By Cara Metz
UFT, NYSUT among those who weigh in at all-day hearing
.At an April 22 state legislative hearing in lower Manhattan to examine the business practices and record of the charter school industry in New York, UFT President Michael Mulgrew testified that charter schools, like other public schools which take public money, need to be transparent and accountable.
“I don’t want to paint charter schools with too broad a brush — there are many wonderful charter schools,” said Mulgrew in response to questions. “But I don’t think that 10 years ago when the charter law was passed, anyone would have predicted companies would be running in to make a buck off students. In today’s rough economic times, every dollar should be for the classroom.”
In response to a harsh grilling and negative insinuations from charter school management supporter Sen. Craig Johnson, D-L.I., Mulgrew asked Johnson how much money he had accepted from the charter industry. Johnson’s response, “I don’t know,” prompted Mulgrew to answer, “I do — $65,000!”
The daylong hearing, which was called by state Sen. Bill Perkins, who has been vilified by the New York Post for being critical of charter schools, occurred on the same day that the Daily News ran stories about nepotism and conflicts of interest at several charter schools throughout the city.
“Private corporations unleashed from public scrutiny” are responsible for “hidden and questionable practices,” Perkins said, who served on the board of one of the city’s first charter schools and is currently a mentor at another charter school in Albany.
Andrew Pallotta, executive vice president of NYSUT, the UFT’s state affiliate, called for greater financial accountability for charter schools.
“The lack of strong oversight has resulted in misallocation of funds, ethical lapses, no-bid contracts, conflicts of interest and profiteering at student and public expense,” said Pallotta, a former UFT district representative in the Bronx. [See Pallotta’s testimony, of state edition of the New York Teacher.]
Nearly nine hours later, during the public portion of the hearing, Robin Hemmings, a former teacher at Merrick Academy, a charter school in Queens Village that the UFT has organized, objected to the $1.4 million in management fees that Merrick pays to its for-profit management company, Victory Schools, which amounts to $2,695 per child, “the highest in the city,” she said.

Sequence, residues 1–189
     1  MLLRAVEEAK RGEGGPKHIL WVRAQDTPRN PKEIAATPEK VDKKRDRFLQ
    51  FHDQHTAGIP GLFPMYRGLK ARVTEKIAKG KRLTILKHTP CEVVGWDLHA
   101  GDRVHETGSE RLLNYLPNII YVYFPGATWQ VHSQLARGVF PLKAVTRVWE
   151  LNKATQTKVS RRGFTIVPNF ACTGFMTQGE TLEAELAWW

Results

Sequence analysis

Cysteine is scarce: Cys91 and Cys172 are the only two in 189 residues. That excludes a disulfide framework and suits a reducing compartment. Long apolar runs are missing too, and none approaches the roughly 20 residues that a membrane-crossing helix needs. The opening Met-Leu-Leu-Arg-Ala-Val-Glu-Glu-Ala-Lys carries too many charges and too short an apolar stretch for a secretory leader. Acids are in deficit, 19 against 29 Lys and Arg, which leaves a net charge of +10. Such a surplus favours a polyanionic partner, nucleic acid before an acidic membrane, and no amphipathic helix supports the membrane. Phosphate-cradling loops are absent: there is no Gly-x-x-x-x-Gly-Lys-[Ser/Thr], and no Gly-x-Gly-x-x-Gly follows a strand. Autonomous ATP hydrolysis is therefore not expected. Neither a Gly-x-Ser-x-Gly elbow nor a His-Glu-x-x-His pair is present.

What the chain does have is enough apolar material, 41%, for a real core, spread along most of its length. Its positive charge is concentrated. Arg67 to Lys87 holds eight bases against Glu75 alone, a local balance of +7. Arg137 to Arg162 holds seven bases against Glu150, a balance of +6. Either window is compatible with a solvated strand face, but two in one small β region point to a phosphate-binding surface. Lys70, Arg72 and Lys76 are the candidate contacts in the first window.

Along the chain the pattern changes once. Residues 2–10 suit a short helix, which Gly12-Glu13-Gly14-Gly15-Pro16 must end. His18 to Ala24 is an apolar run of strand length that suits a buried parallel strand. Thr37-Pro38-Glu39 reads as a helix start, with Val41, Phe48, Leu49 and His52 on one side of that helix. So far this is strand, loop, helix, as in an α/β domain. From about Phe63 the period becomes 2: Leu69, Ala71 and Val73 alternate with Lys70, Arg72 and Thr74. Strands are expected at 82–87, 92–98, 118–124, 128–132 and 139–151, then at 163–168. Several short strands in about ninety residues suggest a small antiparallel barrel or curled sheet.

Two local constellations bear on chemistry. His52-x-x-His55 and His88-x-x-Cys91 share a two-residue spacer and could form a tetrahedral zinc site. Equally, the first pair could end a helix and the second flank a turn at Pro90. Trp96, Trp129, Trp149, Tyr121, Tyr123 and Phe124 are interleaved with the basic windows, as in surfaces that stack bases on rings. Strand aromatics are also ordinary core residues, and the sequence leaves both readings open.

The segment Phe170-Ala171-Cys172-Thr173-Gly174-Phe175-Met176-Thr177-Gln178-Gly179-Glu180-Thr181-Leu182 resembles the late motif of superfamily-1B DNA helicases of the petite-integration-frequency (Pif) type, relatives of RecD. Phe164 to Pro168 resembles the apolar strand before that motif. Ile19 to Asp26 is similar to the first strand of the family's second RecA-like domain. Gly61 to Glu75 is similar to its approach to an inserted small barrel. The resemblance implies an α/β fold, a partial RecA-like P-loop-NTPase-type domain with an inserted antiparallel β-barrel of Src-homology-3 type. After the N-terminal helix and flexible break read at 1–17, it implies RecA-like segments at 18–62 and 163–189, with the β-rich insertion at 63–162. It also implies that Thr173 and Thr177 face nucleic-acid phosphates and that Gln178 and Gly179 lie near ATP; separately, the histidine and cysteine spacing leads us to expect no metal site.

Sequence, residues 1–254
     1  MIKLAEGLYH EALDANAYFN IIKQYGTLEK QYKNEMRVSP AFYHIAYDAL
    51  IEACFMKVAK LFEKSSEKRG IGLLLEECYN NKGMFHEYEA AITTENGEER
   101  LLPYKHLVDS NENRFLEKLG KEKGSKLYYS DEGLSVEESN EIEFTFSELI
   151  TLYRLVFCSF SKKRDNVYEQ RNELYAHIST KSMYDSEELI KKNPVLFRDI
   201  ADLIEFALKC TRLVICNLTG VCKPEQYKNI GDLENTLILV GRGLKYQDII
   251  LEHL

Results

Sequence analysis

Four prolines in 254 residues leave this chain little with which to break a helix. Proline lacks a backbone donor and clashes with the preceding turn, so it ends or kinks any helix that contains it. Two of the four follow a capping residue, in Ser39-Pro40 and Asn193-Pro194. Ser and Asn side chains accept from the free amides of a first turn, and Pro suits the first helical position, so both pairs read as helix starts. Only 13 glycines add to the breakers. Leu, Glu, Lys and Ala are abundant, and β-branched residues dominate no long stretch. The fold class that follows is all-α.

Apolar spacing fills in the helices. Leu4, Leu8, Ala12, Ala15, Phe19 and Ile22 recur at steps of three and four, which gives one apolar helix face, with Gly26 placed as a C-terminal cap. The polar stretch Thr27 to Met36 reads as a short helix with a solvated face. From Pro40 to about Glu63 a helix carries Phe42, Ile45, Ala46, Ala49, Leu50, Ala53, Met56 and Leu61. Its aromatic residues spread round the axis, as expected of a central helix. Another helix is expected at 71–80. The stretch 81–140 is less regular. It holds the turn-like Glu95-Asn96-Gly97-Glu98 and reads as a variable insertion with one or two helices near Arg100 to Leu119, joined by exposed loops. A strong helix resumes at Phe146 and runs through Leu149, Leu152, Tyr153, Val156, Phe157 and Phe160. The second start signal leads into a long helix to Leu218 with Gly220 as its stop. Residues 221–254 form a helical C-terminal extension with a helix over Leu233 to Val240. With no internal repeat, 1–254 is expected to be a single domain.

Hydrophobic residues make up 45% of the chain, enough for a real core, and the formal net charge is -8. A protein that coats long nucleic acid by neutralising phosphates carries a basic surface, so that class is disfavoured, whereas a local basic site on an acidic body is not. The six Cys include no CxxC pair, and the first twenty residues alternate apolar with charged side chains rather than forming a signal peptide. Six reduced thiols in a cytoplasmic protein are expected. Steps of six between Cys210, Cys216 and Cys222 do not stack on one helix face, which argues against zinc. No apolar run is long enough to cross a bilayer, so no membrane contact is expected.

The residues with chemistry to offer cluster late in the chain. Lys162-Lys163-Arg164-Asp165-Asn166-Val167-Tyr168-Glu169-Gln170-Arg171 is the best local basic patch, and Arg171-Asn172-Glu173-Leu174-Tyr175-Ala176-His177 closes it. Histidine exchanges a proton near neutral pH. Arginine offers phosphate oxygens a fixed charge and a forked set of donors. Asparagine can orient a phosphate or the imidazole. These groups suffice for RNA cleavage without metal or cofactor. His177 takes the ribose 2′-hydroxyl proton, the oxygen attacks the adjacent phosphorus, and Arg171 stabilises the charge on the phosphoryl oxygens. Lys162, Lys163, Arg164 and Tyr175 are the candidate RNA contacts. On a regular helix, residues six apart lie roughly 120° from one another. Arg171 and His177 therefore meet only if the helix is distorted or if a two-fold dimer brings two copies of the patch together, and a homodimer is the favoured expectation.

“Merrick would be able to have more working computers in the classroom or maybe even a free after-school enrichment program,” if not for the high fees, said Hemmings, who said Merrick’s administrators eliminated her position in response to her support for the UFT.
The UFT is in a battle with Merrick management to get a first contract for its members at the school.
Mulgrew also testified that charter schools are not educating their fair share of special needs and English language learners.
In her testimony, education historian Diane Ravitch described how charters were originally envisioned to serve “students who had dropped out and who were likely to drop out.”
That original mission, which “would help strengthen public schools, not compete with them,” has been lost, she said.
Ravitch pointed out that charter schools now enroll 3 percent of public school students in New York City and nationwide. “Who champions the other 97 percent?” she asked.
Among the complaints of charter school parents testifying at the hearing: students with behavioral or learning disabilities being counseled out, schools refusing to test students for special needs, and lack of information about student and parent rights.
“In the charter system, there is no one to fight for you,” said Mona Davids, president of the New York Charter Parents Association. “If you are the parent of a special needs student or if you have any issue, good luck getting help.”
Mulgrew stressed that the union was not anti-charter and advocated fair funding and treatment for all schools, district and charter alike.
In addition to the union’s own charter schools, the UFT represents members in another 10 charter schools.
“We feel that a school is stronger when teachers and parents have a voice inside it,” Mulgrew said.